The question, though, is whether they can match the feverish pace of Philly’s DPSes, Jae-Hyeok “Carpe” Lee and Josue “Eqo” Corona, who have stolen the reputation of the league’s best DPS duo. Keep an eye out for flanking Widowmakers during the finals, as those players will set the tone for many teamfights before they’ve even begun. The current double-sniper meta means that Hanzo will also be an instrumental pick, with his penchant for devastating barrages and tide-turning ults.
Philly is a flexible team, and that flexibility proved to be NYXL’s kryptonite, but most of the team’s strategies revolve around Carpe and Eqo taking the lead while the rest of the team supports them or stays out of the way. Philly might have the edge in offensive prowess, but a clear-headed London can adapt with smart comp changes, since they’re more well-rounded, with superior tank and support lines.
Despite not getting the airtime they deserve, good supports are absolutely crucial in the Overwatch League. In this match, London and Philly’s supports both find themselves in tricky spots. London’s Seung-tae “Bdosin” Choi is actually a top-tier DPS player who just happens to wear the robot monk costume because he can do support just as well. Given how often the current meta calls for supports to flex to other roles, Bdosin’s backup DPS skills are a godsend for London.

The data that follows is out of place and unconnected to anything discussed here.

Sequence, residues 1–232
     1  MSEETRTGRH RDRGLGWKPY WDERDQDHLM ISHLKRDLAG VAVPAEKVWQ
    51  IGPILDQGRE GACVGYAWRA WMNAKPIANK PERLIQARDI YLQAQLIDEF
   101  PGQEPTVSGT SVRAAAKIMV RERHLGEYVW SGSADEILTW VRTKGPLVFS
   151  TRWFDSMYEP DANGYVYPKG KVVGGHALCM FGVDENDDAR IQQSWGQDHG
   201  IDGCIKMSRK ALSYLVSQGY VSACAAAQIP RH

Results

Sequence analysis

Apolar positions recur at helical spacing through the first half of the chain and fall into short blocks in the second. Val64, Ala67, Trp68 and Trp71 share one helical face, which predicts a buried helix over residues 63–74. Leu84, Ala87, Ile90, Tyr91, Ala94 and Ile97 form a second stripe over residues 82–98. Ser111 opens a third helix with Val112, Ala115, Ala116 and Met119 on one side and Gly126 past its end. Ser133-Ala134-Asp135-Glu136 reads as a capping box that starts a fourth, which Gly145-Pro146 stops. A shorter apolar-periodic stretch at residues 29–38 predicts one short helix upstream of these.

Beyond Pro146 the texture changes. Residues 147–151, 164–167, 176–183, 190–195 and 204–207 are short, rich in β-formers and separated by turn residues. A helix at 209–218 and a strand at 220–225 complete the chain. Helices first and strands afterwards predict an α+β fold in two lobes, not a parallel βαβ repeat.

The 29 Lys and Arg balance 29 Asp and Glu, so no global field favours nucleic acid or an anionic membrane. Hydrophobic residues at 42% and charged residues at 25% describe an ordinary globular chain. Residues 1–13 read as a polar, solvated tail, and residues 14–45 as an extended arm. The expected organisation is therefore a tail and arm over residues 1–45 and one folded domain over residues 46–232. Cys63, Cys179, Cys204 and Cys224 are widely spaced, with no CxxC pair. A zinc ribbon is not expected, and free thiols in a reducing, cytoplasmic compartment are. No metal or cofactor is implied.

On the Philly side of things, pay close attention to Mercy, played by Alberto “Neptuno” González. More so than perhaps any other Mercy in the league, Neptuno goes for it. Risky resurrections are his specialty, and he has a knack for timing them such that Philly gets an improbable second lease on life during gnarly encounters. When doing this, though, he tends to leave himself exposed, and London’s DPS line will feast on that if they get the opportunity.
Both Philly and London are aggressive teams, but Philly is a bit more high-risk, high-reward. While that worked well against a creaky NYXL, a reinvigorated London theoretically has many more tools in its toolbelt to dismantle Philly’s well-oiled offense.
DJ Khalled Out
I’d be remiss if I didn’t mention the most important OWL grand finals storyline of all: For some reason, DJ Khaled is playing the event. You might remember him as that guy who is famously bad at sex. Interestingly, the co-main event of the grand finals has already happened. DJ Khaled and Overwatch League host Malik Forté went head-to-head. Malik won.
Article Prepared by Ollala Corp